Then even hate would be a pleasure, a passive state wherein the mind passes to a greater perfection.
(Indeed, it could be possible that Spinoza had a more uncommon idea of love - beyond all exciting desire. But according to proposition IX this demur doesn't seem to be true.)


I would read it this way:

both pleasure and pain are passive states, they happen to us and we may react or respond
love is the reason the mind makes up when pleasure happens so it can recognize it and maintain and accumulate more of it.
hate is the reason the mind makes up when pain happens so it can recognize it and eradicate or avoid it in the future.
the reasons mind makes up are thoughts, and thinking is an activity, an active rather than passive state.

the sentence I emboldened I cannot understand, I think maybe there is something else in the original that it must be referring to. but life being what it is, and I see more peolple thinking about hate than love, I would think he states that ithe mind imagines itself empowered by thinking hateful thoughts-at these times it senses and feels powerful because that is the nature of hate-it covers fear. however, when the mind thinks about love it becomes vulnerable and insecure...that really shouldnt happen, but it does. maybe because people think of love in terms of being the object of lvoe rather than the one who loves.
 
Arjuna
 
Reply Thu 17 Dec, 2009 10:48 am
@salima,
It would be nice to drag Spinoza up and ask him to address the ideas of Id, Ego, and Superego.... how he would incorporate them into his use of the word mind.

As it is, his usage is suspiciously kin to that of Dominican philosophers... mind is an aspect of everything... a path to recognition of the nature of God.
 
Wisigerno
 
Reply Fri 18 Dec, 2009 09:17 am
@Arjuna,
Arjuna;111979 wrote:
I don't think Spinoza did distinguish between them except to say that love carries with it the idea of being affected by something external.

Pleasure itself is direct experience, without thought. Thought is the making of images, relating them according to some pattern, following cause and effect.

Without thought, which involves placing experience in a context of meaning, no experience would be remembered.

Put your foot on the floor and then become aware of the feeling of your foot.

What's happened is that your mind became active: it created the situation, it turned your focus to sensation. It then passively waited as the experience came into being.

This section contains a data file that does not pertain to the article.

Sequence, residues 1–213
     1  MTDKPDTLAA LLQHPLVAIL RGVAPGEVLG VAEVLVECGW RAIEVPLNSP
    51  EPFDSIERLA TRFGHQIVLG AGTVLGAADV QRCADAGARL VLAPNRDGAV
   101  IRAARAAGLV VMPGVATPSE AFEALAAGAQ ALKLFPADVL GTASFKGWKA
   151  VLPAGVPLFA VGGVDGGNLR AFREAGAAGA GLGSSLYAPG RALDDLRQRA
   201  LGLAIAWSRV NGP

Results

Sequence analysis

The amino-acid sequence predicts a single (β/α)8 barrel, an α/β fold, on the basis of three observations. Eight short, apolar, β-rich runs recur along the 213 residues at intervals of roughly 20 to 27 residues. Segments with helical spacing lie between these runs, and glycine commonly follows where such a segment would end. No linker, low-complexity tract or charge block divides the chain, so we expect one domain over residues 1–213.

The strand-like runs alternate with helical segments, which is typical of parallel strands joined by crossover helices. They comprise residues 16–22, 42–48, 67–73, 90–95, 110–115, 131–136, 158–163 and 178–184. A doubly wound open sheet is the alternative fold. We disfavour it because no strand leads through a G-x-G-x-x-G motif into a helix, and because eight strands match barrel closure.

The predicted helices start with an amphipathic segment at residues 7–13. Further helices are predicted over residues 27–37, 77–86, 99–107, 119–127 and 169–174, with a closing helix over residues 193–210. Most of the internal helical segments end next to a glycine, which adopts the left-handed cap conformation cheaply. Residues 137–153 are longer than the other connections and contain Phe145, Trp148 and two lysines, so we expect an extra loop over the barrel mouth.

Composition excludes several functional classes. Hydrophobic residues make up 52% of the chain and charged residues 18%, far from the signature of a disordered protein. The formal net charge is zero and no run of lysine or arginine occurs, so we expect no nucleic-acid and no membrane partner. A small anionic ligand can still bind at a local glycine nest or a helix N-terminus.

On the one hand there is the experience of freedom in this... that your mind can navigate into or away from situations and sensations. But you also know as you've done this, that you were following your nature. The mind can only act according to its nature. Its nature is an aspect of, an attribute of the nature of all things.

So I start with the idea that I'm affected by the world. I then see that I, through the power of mind, can affect my own experience. Then I see how that every step of the way: I was an expression of nature.

What I loved affected me with pleasure. I drew the thing I love closer to me. I eventually see that there is only one love... expressed over and over as a bond to the other. To the extent that I see that it didn't specifically have to do with me, I've experienced God. Through mind and substance, the ways of nature are alive in me. That's how I understood Spinoza. If others see it a different way, I'd learn something by exploring that. Nevertheless, the truth Spinoza drew my attention to would remain. Know what I mean? So what it means to you might be different.

Isn't it possible to imagine pleasure? - similar to the possibility to imagine, say, this white wall in front of me turning blue.
I doubt that the power of imagination has anything to do with causes and effects.
If I complain that I suffer from terrible toothache, you'll most certainly understand what I'm talking about. But do you reallly understand it due to thoughts on causes and effects?
Assuming that I don't have toothache, but was stabbed with a sword: can you imagine this pain (provided you have never been stabbed with a sword)? Yet you know about the causes and effects.
That the cause isn't important until we talk about love or hate, derives, as I think, from Spinoza's definition of these terms.